In the proposed Medicare Access and CHIP Reauthorization Act of 2015 (MACRA) rule released by the federal government this week, one of the big takeaways was that Congress would streamline various quality reporting programs into a single framework to help eligible Medicare physicians transition from payments based on volume to payments based on value.
As such, the MACRA proposed rule would implement these changes through the unified framework called the Quality Payment Program, which includes two paths: the Merit-based Incentive Payment System (MIPS) and advanced alternative payment models (APMs). Most Medicare clinicians will initially participate in the Quality Payment Program through MIPS, though they won’t be locked into one path or the other in subsequent years; they can switch annually, officials of the Centers for Medicare & Medicaid Services (CMS) said with the announcement of the rule on April 27.
While MIPS allows Medicare clinicians to be paid for providing high value care through success in four performance categories—Quality, Advancing Care Information (the “new” meaningful use), Clinical Practice Improvement Activities, and Cost—advanced APMs include payment models such as accountable care organizations (ACOs) and patient-centered medical homes (PCMHs). Medicare clinicians who participate to a sufficient extent in advanced APMs would be exempt from MIPS reporting requirements and qualify for financial bonuses.
Following the release of the rule, the Charlotte, N.C.-based Premier Inc. gave a statement expressing disappointment that CMS did not include any bundled payment models or Track 1 Medicare Shared Savings Program (MSSP) ACOs as qualifying advanced payment programs under MACRA. In the statement, the organization took issue with CMS not counting these payment models as taking more than “nominal risk” financial requirement. Indeed, under Track 1, CMS and the participating ACO will reconcile savings and allow the ACO to share in those savings without the risk of the ACO sharing in any losses. In other words, this single-sided model only has upside—no downside for the ACO.
In an exclusive interview with Healthcare Informatics, Blair Childs, senior vice president, public policy for Premier, says he hopes CMS will rethink the proposed rule in terms of who they will recognize as qualified APMs. “We believe that Track 1 ACOs should be let in and should qualify. The idea of MACRA is to incentivize providers to move them away from fee-for-service (FFS) models, but with Track 1 ACOs, our members make significant investments to do just that. That’s more than nominal risk,” Childs attests.
Childs notes that CMS’ logic is that the agency choses to define risk as only cases where there is risk to the government. “It’s reducing the risk for the government but not necessarily for the provider,” he says. “Because the provider has to pay back Medicare, that’s how they are defining nominal risk. Our point is that from the vantage point of a provider, you’re making significant financial decisions from a risk vantage point, and that should be calculated in this as well. That’s a difference of perspective there.”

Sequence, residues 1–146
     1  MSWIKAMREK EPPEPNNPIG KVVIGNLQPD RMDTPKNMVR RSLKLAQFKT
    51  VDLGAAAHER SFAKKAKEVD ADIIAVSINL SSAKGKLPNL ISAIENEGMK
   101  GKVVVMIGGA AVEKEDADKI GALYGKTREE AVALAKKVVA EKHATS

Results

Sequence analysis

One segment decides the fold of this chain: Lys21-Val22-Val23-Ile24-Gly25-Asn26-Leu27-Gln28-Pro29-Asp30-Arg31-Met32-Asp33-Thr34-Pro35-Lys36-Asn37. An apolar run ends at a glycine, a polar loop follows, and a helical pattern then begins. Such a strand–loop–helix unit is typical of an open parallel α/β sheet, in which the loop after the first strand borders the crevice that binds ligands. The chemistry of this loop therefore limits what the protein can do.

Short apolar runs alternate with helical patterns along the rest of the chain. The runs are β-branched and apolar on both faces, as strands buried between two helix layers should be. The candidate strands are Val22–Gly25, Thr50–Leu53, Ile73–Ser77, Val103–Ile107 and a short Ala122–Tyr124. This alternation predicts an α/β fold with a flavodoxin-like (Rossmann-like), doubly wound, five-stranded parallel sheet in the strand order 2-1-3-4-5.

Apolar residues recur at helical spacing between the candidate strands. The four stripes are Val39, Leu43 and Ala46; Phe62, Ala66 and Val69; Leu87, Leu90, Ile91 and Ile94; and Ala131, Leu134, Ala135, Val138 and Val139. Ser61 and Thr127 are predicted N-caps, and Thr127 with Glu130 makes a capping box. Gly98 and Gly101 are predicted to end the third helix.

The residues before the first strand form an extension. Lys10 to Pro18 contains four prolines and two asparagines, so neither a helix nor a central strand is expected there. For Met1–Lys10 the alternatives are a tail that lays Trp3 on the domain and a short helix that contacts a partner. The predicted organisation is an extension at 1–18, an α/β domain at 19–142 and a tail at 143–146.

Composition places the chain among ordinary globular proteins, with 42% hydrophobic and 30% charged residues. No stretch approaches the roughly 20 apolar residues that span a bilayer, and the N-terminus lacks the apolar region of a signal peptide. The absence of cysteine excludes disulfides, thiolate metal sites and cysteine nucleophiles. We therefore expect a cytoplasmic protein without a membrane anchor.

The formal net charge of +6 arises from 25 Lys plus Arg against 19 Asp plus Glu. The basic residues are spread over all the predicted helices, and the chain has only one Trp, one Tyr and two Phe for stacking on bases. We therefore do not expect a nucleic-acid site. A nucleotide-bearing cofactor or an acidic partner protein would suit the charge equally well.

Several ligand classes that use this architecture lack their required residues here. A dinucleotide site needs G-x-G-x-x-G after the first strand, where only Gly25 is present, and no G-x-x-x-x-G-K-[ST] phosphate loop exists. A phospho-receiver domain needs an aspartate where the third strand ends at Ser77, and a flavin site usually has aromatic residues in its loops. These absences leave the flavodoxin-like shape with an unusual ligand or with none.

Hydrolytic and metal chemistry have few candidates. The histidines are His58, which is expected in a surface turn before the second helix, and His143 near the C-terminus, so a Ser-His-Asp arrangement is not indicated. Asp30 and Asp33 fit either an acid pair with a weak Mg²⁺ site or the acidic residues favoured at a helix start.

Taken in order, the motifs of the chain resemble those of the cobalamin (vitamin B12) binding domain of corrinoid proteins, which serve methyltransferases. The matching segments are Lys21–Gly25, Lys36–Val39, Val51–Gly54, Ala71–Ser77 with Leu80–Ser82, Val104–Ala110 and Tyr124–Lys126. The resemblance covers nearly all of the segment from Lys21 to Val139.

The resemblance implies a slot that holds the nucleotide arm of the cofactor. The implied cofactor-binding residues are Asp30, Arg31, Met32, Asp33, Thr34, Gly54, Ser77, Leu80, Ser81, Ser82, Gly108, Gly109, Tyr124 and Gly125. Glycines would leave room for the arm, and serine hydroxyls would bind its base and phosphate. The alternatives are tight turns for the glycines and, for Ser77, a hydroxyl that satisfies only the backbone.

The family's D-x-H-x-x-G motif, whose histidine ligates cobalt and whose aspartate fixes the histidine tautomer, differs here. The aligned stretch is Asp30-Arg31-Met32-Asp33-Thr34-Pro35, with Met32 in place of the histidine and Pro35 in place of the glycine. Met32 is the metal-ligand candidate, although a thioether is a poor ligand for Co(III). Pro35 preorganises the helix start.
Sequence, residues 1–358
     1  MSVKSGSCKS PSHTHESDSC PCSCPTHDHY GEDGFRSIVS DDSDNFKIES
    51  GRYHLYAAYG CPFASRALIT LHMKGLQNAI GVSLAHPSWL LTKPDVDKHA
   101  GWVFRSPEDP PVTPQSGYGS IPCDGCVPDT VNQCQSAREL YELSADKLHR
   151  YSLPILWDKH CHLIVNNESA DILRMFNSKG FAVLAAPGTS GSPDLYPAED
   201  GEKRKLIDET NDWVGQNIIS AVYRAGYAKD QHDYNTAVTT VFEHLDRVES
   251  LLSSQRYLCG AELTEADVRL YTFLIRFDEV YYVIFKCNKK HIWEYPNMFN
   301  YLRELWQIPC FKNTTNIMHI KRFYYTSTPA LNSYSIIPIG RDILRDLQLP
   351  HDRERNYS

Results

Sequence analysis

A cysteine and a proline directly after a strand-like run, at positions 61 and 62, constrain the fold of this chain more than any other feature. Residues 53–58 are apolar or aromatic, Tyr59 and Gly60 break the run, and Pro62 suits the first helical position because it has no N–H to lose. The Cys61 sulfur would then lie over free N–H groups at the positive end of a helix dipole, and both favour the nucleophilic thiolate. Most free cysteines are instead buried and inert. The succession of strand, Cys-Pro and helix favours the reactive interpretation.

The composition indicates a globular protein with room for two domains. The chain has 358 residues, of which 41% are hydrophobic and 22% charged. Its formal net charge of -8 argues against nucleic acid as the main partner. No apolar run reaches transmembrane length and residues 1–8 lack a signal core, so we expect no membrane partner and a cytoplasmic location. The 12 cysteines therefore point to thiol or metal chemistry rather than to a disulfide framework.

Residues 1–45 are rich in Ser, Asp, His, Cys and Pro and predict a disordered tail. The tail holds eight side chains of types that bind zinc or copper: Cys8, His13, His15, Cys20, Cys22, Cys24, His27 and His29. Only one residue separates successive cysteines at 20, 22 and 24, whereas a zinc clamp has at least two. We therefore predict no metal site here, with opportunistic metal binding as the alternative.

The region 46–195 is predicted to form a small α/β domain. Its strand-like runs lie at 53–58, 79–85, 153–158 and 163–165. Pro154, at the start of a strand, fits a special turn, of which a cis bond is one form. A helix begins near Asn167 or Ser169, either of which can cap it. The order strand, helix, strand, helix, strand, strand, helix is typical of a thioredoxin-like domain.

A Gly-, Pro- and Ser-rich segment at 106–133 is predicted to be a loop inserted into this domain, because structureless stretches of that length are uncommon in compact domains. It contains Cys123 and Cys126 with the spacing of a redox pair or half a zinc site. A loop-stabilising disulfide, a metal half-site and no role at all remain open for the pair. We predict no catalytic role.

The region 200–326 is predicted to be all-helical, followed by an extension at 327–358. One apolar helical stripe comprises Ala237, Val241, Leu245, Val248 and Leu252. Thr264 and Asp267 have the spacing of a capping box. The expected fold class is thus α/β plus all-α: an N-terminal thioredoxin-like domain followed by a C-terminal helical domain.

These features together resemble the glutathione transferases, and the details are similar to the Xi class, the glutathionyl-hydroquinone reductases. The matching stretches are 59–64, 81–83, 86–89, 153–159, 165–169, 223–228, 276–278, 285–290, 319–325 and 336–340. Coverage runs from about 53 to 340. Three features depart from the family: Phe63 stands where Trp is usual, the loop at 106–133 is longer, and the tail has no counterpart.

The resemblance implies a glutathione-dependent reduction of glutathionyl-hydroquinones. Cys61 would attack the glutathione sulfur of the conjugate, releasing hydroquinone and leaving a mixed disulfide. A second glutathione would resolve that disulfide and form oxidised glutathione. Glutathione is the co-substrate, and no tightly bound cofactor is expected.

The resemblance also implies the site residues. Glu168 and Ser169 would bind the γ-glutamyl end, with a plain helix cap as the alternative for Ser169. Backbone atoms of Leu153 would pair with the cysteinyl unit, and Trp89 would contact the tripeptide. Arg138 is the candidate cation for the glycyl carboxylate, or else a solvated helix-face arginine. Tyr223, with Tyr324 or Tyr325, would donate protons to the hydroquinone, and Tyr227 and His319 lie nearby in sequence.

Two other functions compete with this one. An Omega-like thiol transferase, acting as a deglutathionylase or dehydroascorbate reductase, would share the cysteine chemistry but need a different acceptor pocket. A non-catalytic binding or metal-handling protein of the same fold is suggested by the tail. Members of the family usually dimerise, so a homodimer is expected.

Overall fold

Childs says that Premier will push for this change, and will keep on making the case for Track 1 ACOs to qualify as advanced APMs throughout the rule’s 60-day comment period. He shows hope that CMS has left the door open for bundled payment models to qualify. “I will say that when a provider is at two-sided risk with CMS, there is a level of focus and performance that we see as even more robust than under the Track 1 model. That doesn’t mean that you shouldn’t allow Track 1 to qualify, though,” he says.
A Push Towards APMs?
Most healthcare policy folks attest to the fact that the idea behind MACRA’s Quality Payment Program is to incentivize providers to be associated with an advanced APM and be eligible for the payment bonuses that come with it. To this point, Jeffery Smith, vice president, public policy, at the American Medical Informatics Association (AMIA) says, “That’s where the slant of the table is pointing. He says, “In terms of MIPS, what CMS has done, they have tried to accommodate Congressional intent, which was that not everyone will be eligible or want to be part of an APM. So they created MIPS, but it’s being constructed in a way that makes APMs less daunting of an alternative option. That’s been the unstated intent all along,” Smith says.
Childs himself does acknowledge that the intent of Congress was pretty clear to have Medicare physicians move towards APMs, as a 5 percent bonus is put on their payments in this track. But, he says, “CMS is not following that intent of Congress, which is to try to accelerate the movement in this direction, towards APMs, where providers are accountable for the cost and quality of care. It’s preposterous that we have a healthcare system today where that doesn’t exist. The entire healthcare system is built on the Medicare payment model which is based on a fee-for-service system, and that’s why providers are not at risk right now.” He continues, “Congress has sent a clear message with MACRA, on a bipartisan basis, to move away from this open-ended fee-for-service system to where providers are accountable. But CMS is interpreting it in a much more narrow way which undermines the intent of Congress.”